The North-West Passage (1874) apparently coincided with the departure of a British expedition in futile quest of the rumoured north-west passage round the north of Canada to the Pacific, which had brought a succession of failures since the total loss of Sir John Franklin’s expedition of 1845. Millais addresses this topical issue in his version of a ‘problem picture‘; rather than the symbolic richness of the Pre-Raphaelite, it contains numerous clues to guide the viewer to a reading.
The old man is clearly an experienced mariner, who knows the risks and futility, which are expressed in his body-language. The young woman, probably his daughter, is presumably the wife of one of those on the expedition. The man stares hard and cold, the woman reads anxiously. Behind them a chart shows the limited knowledge of the area of the north-west passage at the time. Flags declare an affinity with the nation, and its Navy. A painting on the wall shows a ship negotiating ice in the far north.
The view through the window shows that this is set on the coast, and there is a sailing vessel in sight. A telescope rests on the table, by a glass presumably containing rum. Below the table are old ships’ logs and other papers.
Millais’ account of Cinderella (1881) is a portrait of her sat in her working dress, clutching a broomstick with her left hand, and with a peacock feather (also a hallmark of the Aesthetic movement) in her right. She has a wistful expression, staring into the distance almost – but not quite – in the direction of the viewer. The only other cue to the narrative is a mouse, seen at the bottom left of the painting. Cinderella wears a small red skull-cap which could be an odd part of her ball outfit, but her feet are bare, and there is no sign of any glass slipper. Narrative is almost absent.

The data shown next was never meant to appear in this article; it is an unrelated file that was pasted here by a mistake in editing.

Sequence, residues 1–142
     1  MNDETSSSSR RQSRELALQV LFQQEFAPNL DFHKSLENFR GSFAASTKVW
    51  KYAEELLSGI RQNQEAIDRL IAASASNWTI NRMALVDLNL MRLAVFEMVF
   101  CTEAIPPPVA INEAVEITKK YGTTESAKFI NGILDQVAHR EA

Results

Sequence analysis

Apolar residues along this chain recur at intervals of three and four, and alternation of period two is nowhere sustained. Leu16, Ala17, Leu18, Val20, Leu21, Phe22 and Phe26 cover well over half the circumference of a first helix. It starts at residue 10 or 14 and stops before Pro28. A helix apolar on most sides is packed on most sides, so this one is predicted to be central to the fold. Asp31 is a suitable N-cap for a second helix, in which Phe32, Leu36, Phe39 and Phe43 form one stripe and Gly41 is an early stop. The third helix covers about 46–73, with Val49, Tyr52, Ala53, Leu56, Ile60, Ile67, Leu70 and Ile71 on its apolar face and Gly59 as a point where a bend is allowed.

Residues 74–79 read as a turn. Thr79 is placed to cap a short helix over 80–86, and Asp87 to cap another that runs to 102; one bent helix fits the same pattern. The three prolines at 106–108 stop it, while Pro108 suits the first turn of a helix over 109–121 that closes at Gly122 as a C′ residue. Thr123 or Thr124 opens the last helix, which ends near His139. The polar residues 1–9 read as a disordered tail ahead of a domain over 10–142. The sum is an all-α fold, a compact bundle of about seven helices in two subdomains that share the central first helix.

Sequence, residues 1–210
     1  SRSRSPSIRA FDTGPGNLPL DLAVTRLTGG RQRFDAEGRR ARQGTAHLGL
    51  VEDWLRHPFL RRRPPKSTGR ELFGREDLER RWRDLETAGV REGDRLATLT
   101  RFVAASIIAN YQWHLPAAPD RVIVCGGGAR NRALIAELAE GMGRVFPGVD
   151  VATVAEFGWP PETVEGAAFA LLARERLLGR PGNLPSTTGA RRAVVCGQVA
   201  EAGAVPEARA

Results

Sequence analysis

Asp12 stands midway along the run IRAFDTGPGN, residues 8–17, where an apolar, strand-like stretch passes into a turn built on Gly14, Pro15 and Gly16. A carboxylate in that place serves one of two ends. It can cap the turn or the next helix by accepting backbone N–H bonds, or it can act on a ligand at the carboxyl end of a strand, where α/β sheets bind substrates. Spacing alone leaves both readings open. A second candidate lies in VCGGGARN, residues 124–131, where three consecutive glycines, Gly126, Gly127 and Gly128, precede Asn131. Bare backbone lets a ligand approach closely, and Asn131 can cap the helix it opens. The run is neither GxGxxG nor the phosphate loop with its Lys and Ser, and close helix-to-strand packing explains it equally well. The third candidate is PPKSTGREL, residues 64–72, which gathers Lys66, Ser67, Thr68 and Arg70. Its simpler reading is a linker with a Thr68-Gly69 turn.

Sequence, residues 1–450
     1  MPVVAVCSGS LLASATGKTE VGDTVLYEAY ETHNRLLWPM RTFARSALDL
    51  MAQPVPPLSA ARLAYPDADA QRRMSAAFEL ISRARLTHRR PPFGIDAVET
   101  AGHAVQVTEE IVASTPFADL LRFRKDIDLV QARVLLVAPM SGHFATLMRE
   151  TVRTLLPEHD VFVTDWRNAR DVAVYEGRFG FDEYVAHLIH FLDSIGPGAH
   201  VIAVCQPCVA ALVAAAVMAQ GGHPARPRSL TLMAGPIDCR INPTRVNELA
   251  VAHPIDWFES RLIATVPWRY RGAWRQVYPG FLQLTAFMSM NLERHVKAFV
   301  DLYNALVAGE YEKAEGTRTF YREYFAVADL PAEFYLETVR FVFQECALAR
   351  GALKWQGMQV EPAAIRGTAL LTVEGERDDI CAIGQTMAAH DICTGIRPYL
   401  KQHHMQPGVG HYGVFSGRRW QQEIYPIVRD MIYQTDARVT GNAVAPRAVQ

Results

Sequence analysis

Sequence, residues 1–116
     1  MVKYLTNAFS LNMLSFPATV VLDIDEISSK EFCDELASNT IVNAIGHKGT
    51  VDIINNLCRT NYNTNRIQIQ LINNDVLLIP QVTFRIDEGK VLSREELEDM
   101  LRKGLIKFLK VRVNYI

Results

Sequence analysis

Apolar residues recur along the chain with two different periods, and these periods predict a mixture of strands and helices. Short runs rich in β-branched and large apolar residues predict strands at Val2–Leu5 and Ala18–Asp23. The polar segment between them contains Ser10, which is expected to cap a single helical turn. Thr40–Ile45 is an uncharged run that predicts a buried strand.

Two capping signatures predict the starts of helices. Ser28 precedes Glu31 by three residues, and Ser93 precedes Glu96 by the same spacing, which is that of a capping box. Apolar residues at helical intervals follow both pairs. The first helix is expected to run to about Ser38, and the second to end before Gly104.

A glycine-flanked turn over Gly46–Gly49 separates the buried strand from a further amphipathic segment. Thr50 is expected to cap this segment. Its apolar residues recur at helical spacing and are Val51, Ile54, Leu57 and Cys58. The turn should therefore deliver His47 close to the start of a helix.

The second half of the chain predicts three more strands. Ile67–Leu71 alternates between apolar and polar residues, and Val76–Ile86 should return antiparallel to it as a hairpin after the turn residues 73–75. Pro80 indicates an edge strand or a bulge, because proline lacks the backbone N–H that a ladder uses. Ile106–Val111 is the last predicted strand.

The Captive (Ruby) (1882) is another three-quarter length portrait of a woman lost in thought, presumably being held captive. Beyond its orientalist influence, there are few clues as to its reading, and it may have referred to contemporary events.
Blow Blow Thou Winter Wind (1892) is something of a ‘problem picture’. It is a bitter day in the British winter, snow already on the ground and more snow on its way. An icy wind is blowing, and there is little shelter. In the foreground, a destitute mother sits, cradling her young baby inside an inadequate shawl, her few worldly possessions in a small bundle beside her. Behind a dog bays into the air, and a man walks into the distance.
The viewer is invited to speculate on the relationship, if any, between the man and the woman, and the circumstances by which she and her baby find themselves in such straits. Inevitably, at the time, it would have evoked the theme of the ‘fallen woman’ in its variations.
One of Millais’ last paintings, before his death from throat cancer the following year, was Speak! Speak! (1895), which is also one of his most enigmatic. At this stage, he spent much of his time in Scotland, either in his home near Bowerswell where this was painted, or in the castle and estate at Murthly in Perthshire, where he went shooting and fishing. He bought this huge four-poster bed from Perth for this painting, and had the lamp copied from one he had seen in the Victoria and Albert Museum.
Millais’ son reported that this scene was intended to be in ancient Rome. The young man had spent much of the night reading through the letters of his lost love. At dawn, the curtains were parted to reveal her, dressed as for her bridal night, gazing upon him with sad but loving eyes. The title of the painting is therefore the words that he said to her spectre. The woman’s figure is intentionally ambiguous, Millais himself being unsure as to whether she was real, or just a spectre.
So ended Millais’ journey from crisp, bright, detailed realism with the profuse symbols of the Pre-Raphaelite, through the increasingly Aesthetic, to ‘problem pictures’ so popular with the Victorian public by the end of the century.
Barringer T (1998, 2012) Reading the Pre-Raphaelites, revised ed., Yale UP. ISBN 978 0 300 17733 6.
Prettejohn E (2007) Art for Art’s Sake: Aestheticism in Victorian Painting, Yale UP. ISBN 978 0 300 13549 7.